Sunday, December 14, 2014

last place

It is easy to get overlooked when the other trees on the lot are bigger, fuller, prettier. Just like it's easy to get overlooked in life. "But the little tree kept its hopes high. It wanted someone special, someone who was as excited about Christmas as it was." Keeping the faith, day in and day out, is so difficult when it doesn't seem like things are going to work out. But all of the loneliness and hurt melts away when love shows up. That's the message of this dear wonderful book by Stephen Krensky, with beautiful illustrations by Pascal Campion. The Last Christmas Tree truly stole my heart when I discovered it last week and continues to resonate in its poignancy. I think you'll love it, too.

Saturday, December 6, 2014

tree lot meditation

Who says meditation has to be done while sitting cross-legged in a quiet place? The middle of a busy Christmas tree lot on a December day works just fine. Whether you need to buy a tree or not, just go there. Go whenever you want to and as often as you like during this season. Doesn't cost a thing. Walk the rows inhaling sweet cold pine air. Let go of any thought that isn't happening at that lot, at that very moment. Breathe in hope, breathe out peace.

Thursday, December 4, 2014

awaiting in awe

Astonishing how many "A" words are affiliated with this Advent season of anticipation before the arrival of the Christ child into the world. It's all about cultivating a sense of awareness and attentiveness. "Do not be afraid," the angel told Mary, the annunciation or 'announcement' scene appearing in amazing art throughout history. "All of life is a kind of Advent," a dear friend said, an astounding thought that makes me grateful to be alive and awakeAlleluia, amen.
(The Annunciation by Sandro Botticelli, circa 1490, Uffizi Gallery, Florence)

Monday, December 1, 2014

Dear December

Dear December,
     My heart has been waiting for you. For the red, the green, the frosty, the twinkling. For the comfort and joy of beloved carols and ornaments and cookies. Welcome Rudolph and Santa, welcome Grinch, welcome especially Charlie Brown. Yay for Handel's Messiah on the car radio and Layne's cinnamon coffee cake, for the aromatic exhilaration of the tree lot, for yet another reading of A Christmas Carol.
     I've been waiting all year to bring my creche down from the attic and take the figurines out of their tissue-wrapped rest. There's Mary and Joseph and the baby Jesus, a cow, a donkey, a camel, two little lambs, three wise men and the angel who watches over them all. It feels like they've been waiting for me, too.

Saturday, November 22, 2014

grace and granola bars

When Anne Lamott was in Charlotte on Thursday night, one thing she said really stuck with me: 'sometimes grace looks like granola bars and water bottles.' Occasionally she and her Sunday School kids go out into the community and pass them out to hungry people they meet on the street. It's not a grand gesture and it's not a solution, it's just a bit of grace. Which got me thinking how grace shows up in ordinary ways. It felt a whole lot like Thanksgiving to jot it down:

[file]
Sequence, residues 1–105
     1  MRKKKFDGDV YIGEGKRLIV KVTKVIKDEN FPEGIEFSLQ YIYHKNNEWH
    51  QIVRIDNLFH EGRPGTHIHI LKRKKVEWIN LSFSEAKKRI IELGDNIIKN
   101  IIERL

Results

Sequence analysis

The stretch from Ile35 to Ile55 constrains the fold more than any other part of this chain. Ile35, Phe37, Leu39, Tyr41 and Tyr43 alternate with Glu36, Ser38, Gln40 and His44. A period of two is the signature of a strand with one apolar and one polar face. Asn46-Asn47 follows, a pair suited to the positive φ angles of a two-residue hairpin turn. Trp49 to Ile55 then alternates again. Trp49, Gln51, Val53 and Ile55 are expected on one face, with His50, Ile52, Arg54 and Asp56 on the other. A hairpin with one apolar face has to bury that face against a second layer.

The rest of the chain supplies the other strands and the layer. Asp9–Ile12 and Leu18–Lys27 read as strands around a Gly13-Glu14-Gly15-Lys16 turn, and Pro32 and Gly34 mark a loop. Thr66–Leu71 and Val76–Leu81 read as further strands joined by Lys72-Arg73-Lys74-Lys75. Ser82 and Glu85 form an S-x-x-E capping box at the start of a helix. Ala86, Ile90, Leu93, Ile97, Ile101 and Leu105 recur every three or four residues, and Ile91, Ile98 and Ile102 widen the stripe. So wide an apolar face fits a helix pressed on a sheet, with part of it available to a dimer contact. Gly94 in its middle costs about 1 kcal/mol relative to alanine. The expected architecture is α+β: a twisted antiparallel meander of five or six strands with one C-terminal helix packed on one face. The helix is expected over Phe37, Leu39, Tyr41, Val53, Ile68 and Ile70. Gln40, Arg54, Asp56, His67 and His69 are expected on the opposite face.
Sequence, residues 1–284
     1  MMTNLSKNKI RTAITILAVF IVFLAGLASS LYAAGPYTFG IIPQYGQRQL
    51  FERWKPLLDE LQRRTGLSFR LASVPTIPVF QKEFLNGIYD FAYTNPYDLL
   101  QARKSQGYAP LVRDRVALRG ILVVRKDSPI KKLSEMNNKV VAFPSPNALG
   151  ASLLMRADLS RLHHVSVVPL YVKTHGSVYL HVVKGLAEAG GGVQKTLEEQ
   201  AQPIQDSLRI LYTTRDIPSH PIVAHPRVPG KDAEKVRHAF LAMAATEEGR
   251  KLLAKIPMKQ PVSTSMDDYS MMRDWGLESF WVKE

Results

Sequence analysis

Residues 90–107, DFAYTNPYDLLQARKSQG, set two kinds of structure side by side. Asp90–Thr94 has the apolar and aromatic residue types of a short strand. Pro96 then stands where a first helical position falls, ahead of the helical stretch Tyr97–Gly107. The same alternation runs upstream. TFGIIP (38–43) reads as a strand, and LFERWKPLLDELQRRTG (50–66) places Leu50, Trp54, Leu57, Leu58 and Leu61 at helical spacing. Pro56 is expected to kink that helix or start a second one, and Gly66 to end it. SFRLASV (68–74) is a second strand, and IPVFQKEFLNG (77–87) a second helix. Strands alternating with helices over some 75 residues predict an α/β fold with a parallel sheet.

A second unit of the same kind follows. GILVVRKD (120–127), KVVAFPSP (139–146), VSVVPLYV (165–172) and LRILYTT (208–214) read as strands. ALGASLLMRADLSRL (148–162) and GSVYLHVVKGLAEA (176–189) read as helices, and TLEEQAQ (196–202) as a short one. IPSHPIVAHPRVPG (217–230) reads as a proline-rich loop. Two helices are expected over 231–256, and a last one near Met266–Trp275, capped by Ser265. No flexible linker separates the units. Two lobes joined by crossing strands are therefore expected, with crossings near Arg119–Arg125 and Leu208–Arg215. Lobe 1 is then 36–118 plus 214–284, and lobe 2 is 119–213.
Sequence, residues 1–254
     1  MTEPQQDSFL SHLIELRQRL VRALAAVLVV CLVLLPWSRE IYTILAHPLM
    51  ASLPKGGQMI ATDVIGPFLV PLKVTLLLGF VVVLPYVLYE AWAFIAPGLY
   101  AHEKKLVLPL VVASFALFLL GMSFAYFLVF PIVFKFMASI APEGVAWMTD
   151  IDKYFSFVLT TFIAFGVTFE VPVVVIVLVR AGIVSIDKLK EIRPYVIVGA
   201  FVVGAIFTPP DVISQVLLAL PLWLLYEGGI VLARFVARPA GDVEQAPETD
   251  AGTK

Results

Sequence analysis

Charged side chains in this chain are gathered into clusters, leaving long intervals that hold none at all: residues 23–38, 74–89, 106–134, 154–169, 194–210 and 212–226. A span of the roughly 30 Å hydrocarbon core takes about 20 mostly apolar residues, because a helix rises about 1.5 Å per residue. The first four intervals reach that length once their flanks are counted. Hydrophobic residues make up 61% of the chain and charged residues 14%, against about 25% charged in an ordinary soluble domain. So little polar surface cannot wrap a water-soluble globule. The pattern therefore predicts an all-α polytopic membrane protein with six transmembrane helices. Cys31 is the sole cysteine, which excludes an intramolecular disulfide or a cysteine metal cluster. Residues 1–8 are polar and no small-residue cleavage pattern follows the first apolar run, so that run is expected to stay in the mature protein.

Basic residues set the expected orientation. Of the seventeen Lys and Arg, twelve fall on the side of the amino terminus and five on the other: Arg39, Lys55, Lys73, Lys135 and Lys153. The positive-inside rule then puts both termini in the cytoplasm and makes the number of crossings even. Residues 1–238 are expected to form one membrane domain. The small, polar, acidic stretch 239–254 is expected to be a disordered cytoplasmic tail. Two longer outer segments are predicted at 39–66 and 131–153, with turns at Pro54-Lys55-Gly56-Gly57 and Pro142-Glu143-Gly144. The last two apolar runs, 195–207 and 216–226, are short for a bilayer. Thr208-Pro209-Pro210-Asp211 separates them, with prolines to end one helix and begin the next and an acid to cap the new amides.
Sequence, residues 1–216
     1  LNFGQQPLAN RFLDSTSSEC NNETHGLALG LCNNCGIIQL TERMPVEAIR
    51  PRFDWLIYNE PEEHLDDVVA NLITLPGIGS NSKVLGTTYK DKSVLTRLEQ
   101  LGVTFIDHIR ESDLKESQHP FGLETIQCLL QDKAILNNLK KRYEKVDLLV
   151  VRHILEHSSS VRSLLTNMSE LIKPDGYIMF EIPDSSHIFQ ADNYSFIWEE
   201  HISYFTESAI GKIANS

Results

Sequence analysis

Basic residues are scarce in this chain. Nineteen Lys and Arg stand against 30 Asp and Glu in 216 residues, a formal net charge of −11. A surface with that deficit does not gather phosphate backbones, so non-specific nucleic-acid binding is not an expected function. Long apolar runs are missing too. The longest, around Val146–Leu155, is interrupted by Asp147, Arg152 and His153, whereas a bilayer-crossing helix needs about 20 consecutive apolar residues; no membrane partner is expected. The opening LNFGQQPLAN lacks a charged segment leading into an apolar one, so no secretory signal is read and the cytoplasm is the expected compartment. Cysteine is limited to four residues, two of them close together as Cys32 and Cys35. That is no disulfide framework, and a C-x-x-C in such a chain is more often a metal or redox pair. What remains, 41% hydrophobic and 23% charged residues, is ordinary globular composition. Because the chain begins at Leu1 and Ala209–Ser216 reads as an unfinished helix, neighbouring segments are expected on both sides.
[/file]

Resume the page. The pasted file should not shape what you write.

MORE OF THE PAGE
1. Ian's never-fail 6:30 am cheerfulness before he heads to school
2. two different people saying the nicest compliments about Yates
3. Italia completing (and enjoying!) a half-marathon
4.  Mike saving an article he thought I'd like
5. watching A Charlie Brown Thanksgiving on YouTube
6. clients who didn't mind moving meetings around to fit my schedule
7. catching up with my sister-in-law on the phone
8. finishing a great book 
9. starting a new one
10. orange roses as big as peonies
11. cold, sunny afternoon walks
12. nature's November palette  

Monday, November 17, 2014


The ginkgo tree stands for hope, resilience, peace. She loses her leaves in one fell swoop in late autumn. They cascade down in almost a single day, creating a carpet of gold on the ground. The brilliant leaves give way to bare branches which light filters through.

Tuesday, November 11, 2014

in all things

If you get complacent in appreciating this banquet we call life, your senses can help turn things around. A friend told me about the idea of keeping a Thanksgiving Sensory Notebook in which you jot the good things you see, hear, taste, smell and touch throughout the day. Pumpkin spice tea and the pretty can it comes in. The bag of bright tangerines. Crunchy leaves underfoot. The voice you love so much on the other end of the phone. The mysterious moon in its inky sky. It doesn't take much before your cornucopia really doth runneth over. The wisest person I know says that the antidote to feeling like life has gone flat, or haywire, is to be radically present. A stick of cinnamon is an excellent place to start. 

Friday, November 7, 2014


While I didn't plan ahead, got rushed and bailed on even making a dish for the potluck football picnic last Thursday, another mom showed up with this platter of edible art. She thought it was funny that I took a picture of the cookies, but I wanted to remember every detail about that fun, festive evening. Especially how some people not only show up, but put a unique and lovely stamp on whatever they do, splashing grace across the canvas of life.

Wednesday, November 5, 2014

too full for leftovers

The ironic thing about being full of thanks is that there's no room left over for the host of other things that can edge out its place at the table: regret, worry, ennui, negativity and even loss. When I think of the most searing grief I've ever known - losing Dad - even that is transformed now when I focus on the gratitude of having had him at all, much less for 30 precious years. As well as the loving bond that continues to thrive (and guide) today on a different plane. For that, I give infinite thanks.

Thursday, October 9, 2014


Can't get enough of these snappy, snazzy, spicy stems. Orange you glad it's October?